KATHARINE SCHROEDER PHOTO
CAST board president Peggy Murphy, left, and newly appointed CAST director Linda Ortiz, at Ms. Murphy’s Southold home.
Linda Ortiz has been named director of CAST, which provides services for the town’s neediest residents. She replaces Liza Coppola, who left the job in April after an upheaval that saw the resignations of several CAST board members over the past year.
“I’m excited about this new adventure. I have this energy and it’s going to be fun,” Ms. Ortiz said.
Ms. Ortiz, 56, has 25 years of experience in community programs. Recently retired from Greenport Village, where she established and ran the recreation program. She will continue working for the village this summer, overseeing its summer camp program, and will initially work for CAST on a part-time basis. Her position there is slated to become full-time in September.
Ms. Coppola and CAST board members reached a parting of the ways this spring after she was offered only a part-time job that would have stripped her of her director’s title. At the time, board president Peggy Murphy said the change was a reorganization aimed at keeping down expenses while searching for someone with grant-writing abilities and program development skills. At the time, Ms. Coppola said the job she was offered “wasn’t appropriate to my skills.”
Ms. Ortiz has been a longtime CAST board member and has the requisite grant-writing experience, according to Ms. Murphy. She’s also fluent in Spanish, which will enable her to communicate with many of CAST’s clients. She also has an organizational sense and energy that board members said they want in the new director, Ms. Murphy said.
“I took this on thinking there is so much that can be done,” Ms. Ortiz said during an interview Tuesday morning at Ms. Murphy’s Southold home. “I like to create challenges for myself.”
After Ms. Coppola left CAST in April, it was Ms. Ortiz who worked nights and weekends to help fill the void while the board hunted for a replacement. Among her early accomplishments was revamping staffing at CAST’s office by giving Katria Nieves and Phyllis Atkins an opportunity to expand their roles in the organization.
Ms. Nieves is attending a program to learn how to help CAST identify more sources of assistance to help meet client needs. Ms. Atkins has put in time above and beyond the hours for which she is paid to rearrange CAST’s food pantry and reorganize how food is distributed to clients.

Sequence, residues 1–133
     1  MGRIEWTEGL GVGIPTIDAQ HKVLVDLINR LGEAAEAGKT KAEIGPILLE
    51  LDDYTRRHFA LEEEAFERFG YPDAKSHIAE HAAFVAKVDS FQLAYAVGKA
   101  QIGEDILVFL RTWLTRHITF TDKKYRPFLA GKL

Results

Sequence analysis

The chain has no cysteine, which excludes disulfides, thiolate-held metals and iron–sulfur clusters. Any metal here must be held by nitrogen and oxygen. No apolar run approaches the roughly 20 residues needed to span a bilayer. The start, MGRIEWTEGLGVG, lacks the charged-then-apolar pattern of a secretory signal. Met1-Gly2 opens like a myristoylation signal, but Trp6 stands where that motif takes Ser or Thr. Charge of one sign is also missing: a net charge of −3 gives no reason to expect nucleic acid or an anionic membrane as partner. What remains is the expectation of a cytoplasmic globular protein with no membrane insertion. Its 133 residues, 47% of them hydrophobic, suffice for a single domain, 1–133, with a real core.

“They’re bright women and no one really tapped into that resource,” Ms. Ortiz said.
Ms. Ortiz said her goal is not to just give CAST clients a handout, but to get to know them individually and help them get the training and assistance they need to land jobs and secure their own futures. That has always been the CAST mission, but with the many services the group renders, it hasn’t always had the prominence she hopes to give it, she said.
As a volunteer at the Maureen’s Haven program for the homeless at St. Agnes R.C. Church in Greenport, Ms. Ortiz has assisted in securing housing as well as helping to provide a safe, warm place to sleep and a solid hot meal,
Also a volunteer with the East End Seaport Museum and Marine Foundation, she became the organizer of its major fundraising event, the annual Maritime Festival.
Ms. Ortiz has also has been able to establish a rapport with Latinos in the area. “I’ve always been truthful and that’s why there’s a special bond,” she said of the people she helped while working for Greenport Village.
Ms. Ortiz came to Greenport after seven years as director of the Police Athletic League in New York City, where she ran full-time recreation centers in the Bronx and developed programs for teens and seniors. Her initial responsibility here was to write a grant for, and develop, a recreation program for the village. She also developed Greenport’s summer camp program and got involved in assisting village administrator David Abatelli and building inspector Eileen Wingate with code enforcement. Her role involved community outreach, assisting residents and village officials with code issues that concerned housing and other problems.
“I had a great ride for all those years,” she said of her village job, which she left at the end of May.
She plans to focus English as a Second Language classes given at CAST on the things clients need to know to get and hold jobs, she said, and she wants to set up a small library to provide clients with books and magazines. She’ll also continue a community garden at CAST that was started during Ms. Coppola’s tenure and hopes she can inspire more clients to start their own businesses, growing and selling their own produce.
“It’s clients giving back,” she said.
Working with teens in the community, she wants to engage them in assisting local seniors with chores such as snow shoveling and running errands, she said.
“I network and I know a lot of people,” Ms. Ortiz said.
Ms. Murphy said she hopes that will enable CAST to reach out beyond Greenport to others in Southold who could benefit from CAST services.
To accomplish everything they want to do, CAST needs to expand to its stable of volunteers. Ms. Ortiz is creating a schedule that will enable volunteers to sign up for an hour or two a week to tackle such jobs as filing, handling telephone calls and rendering other important services to the community. She’s ready to harness the energies of those who are willing to call her at 477-1717.
Contributions are also critical to CAST at a time when the economy has generated far more clients than the organization has seen in the past, Ms. Murphy said. She worries about the year ahead. With some signs that the economy is improving, people might not realize the need that still exists in the community, she said.